Lexington, North Carolina, is to barbecue what Paris, France, is to baguettes. When I was a kid, I imagined everyone in Paris walking around with a baguette or two under their arms, like Little League baseball bats in thin paper sacks. This turned out to be true, or sort of true, or at the very least kind of true: I went to Paris once, and I have to tell you, you will never see so many baguettes in one place in all your life. They call Paris the “City of Light” only because they crowd-tested the “City of Baguettes,” and it didn’t play as well.

But Lexington does in fact call itself the “Barbecue Capital of North Carolina,” and not for nothing. Because with a joint like the Bar-B-Q Center within city limits, you can get away with it. And with an annual barbecue festival that, last year, drew more than 200,000 people and had Darius Rucker play for free? Please. Still, it’s a gutsy self-appellation. Especially since the Tar Heel state is split in half by those who prefer one style of barbecue over another. Barbecue novitiates may recall that one style is called “eastern” and that the other is called “western,” or, more commonly, “Lexington-style.” As in the style of how they do it in Lexington, and how they do it — expertly, I might add — at the Bar-B-Q Center.

Barbecue, seasoned by history

The Bar-B-Q Center is one of the best-known barbecue joints, not just in the state but in the country. It’s on Main Street, not far from Interstate 85, on a rise just before heading into town. If you’ve been on Main Street in Lexington anytime in the past 50 years or so, you know where it is, because it hasn’t moved or even changed that much since it got there in 1955, even though everything around it has. There’s a storage center across the street, and an automotive center nearby, too, but they’re babies in the neighborhood compared to the Bar-B-Q Center.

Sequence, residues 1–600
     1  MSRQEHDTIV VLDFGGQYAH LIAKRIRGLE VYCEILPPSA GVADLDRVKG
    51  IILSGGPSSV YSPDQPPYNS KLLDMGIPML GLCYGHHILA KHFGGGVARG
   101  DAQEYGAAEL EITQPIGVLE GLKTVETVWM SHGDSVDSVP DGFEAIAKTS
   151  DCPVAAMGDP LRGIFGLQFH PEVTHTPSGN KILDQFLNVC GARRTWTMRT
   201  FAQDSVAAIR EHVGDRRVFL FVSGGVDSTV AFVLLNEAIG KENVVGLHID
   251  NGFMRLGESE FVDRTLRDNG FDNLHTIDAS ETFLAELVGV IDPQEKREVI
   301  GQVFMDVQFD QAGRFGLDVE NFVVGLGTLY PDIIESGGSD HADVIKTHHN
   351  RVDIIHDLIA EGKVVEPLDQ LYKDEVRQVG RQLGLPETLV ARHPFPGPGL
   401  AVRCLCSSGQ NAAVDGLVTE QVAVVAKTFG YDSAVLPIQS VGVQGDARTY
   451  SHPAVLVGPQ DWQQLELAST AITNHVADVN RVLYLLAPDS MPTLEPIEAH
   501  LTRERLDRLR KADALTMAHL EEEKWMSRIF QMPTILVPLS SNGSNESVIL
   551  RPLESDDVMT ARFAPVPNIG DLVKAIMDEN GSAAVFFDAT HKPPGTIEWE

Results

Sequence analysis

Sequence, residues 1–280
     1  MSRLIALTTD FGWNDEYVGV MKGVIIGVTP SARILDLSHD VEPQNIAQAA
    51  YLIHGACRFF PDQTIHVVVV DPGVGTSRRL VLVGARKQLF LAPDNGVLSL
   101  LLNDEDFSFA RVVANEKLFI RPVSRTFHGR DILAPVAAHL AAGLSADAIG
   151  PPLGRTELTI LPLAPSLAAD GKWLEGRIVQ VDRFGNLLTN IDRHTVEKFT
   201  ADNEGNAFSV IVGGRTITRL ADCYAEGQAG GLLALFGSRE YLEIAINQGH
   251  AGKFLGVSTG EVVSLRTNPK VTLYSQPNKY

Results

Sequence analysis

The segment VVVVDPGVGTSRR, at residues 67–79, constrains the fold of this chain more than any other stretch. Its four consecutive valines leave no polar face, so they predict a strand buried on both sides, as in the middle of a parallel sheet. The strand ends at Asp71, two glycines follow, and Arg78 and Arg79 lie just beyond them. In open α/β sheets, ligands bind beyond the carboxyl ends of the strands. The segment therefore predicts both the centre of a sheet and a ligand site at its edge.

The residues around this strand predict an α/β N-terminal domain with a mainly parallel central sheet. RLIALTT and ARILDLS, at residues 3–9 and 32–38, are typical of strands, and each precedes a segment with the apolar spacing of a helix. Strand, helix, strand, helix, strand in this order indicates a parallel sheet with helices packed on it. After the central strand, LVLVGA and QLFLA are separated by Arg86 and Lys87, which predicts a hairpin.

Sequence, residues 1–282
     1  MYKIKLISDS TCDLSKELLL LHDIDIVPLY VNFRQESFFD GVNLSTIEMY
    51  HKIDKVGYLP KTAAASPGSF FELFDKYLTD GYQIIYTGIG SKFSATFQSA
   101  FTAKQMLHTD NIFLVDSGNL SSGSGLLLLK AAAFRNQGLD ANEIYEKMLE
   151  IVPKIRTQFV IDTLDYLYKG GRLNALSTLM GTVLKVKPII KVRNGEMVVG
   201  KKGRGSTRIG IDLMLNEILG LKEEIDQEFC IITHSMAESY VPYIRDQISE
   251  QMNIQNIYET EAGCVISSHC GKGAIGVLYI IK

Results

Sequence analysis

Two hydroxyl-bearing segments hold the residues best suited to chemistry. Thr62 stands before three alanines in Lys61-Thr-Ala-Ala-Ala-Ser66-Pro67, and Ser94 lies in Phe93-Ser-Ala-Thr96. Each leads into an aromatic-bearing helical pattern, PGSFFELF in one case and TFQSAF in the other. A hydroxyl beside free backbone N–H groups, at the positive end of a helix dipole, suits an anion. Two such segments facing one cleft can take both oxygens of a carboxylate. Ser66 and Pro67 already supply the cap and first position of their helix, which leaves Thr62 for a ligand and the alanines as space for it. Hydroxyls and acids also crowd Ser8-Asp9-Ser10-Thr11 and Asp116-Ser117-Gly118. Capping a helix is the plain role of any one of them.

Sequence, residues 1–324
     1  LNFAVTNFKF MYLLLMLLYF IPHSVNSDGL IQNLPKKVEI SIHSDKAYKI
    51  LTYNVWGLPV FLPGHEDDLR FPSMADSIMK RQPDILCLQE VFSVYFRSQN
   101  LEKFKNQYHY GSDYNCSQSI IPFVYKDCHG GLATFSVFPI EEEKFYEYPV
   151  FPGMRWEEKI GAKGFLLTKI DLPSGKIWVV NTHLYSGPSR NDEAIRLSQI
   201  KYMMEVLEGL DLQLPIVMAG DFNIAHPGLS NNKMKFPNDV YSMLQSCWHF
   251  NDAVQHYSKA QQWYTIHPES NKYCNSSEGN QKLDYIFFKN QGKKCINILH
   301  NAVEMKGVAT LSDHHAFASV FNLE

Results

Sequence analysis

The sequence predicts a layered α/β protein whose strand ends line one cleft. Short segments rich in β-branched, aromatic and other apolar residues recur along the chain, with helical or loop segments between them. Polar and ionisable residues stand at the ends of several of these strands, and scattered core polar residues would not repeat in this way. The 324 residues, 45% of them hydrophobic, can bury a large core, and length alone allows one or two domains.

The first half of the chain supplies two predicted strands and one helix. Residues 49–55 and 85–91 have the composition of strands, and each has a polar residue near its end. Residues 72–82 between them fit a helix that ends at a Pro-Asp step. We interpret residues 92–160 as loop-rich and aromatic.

What a joint this is. Even vegetarians should give it a visit. There are places in the world that feel as if they’ve been passed over by the dulling effects of time, rescued from the past for presentation in the present. The Bar-B-Q Center is a place like this. Its iconic neon sign should be sheltered in the Smithsonian Institution one day, next to Julia Child’s kitchen. The redbrick and cinder-block building is sturdy, perfect in its simplicity. A wolf could huff and puff and never blow it down. The pigs cowering within would be entirely safe.

It’s not a big place. The restaurant seats approximately 100 people, but even when it’s full, it doesn’t feel crowded — probably because there are so many booths. There’s something about snagging a seat in a big, comfortable booth that makes a body feel taken care of. There’s a long row of red vinyl-covered stools along the counter where the solitary can sit. Here you can watch the large-screen television mounted near the ceiling, or gawk in wonder as half a dozen waiters and waitresses and cooks artfully negotiate a space not much wider than a balancing beam. One waitress I interviewed on deep background did admit that it was tight back there and occasionally you might have a friendly collision or two, and then she filled up my diet soda.

How it all got started

The Bar-B-Q Center has been owned and operated by the same family since 1955. It started out as an ice cream store, but one winter — the season when ice cream sales take a dip — they put a pork shoulder on a pit, and the rest is history. They still sell lots of ice cream — at least 200 gallons a week, much of it going into a ridiculously huge 3.5-pound banana split, which this intrepid reporter was not intrepid enough to try.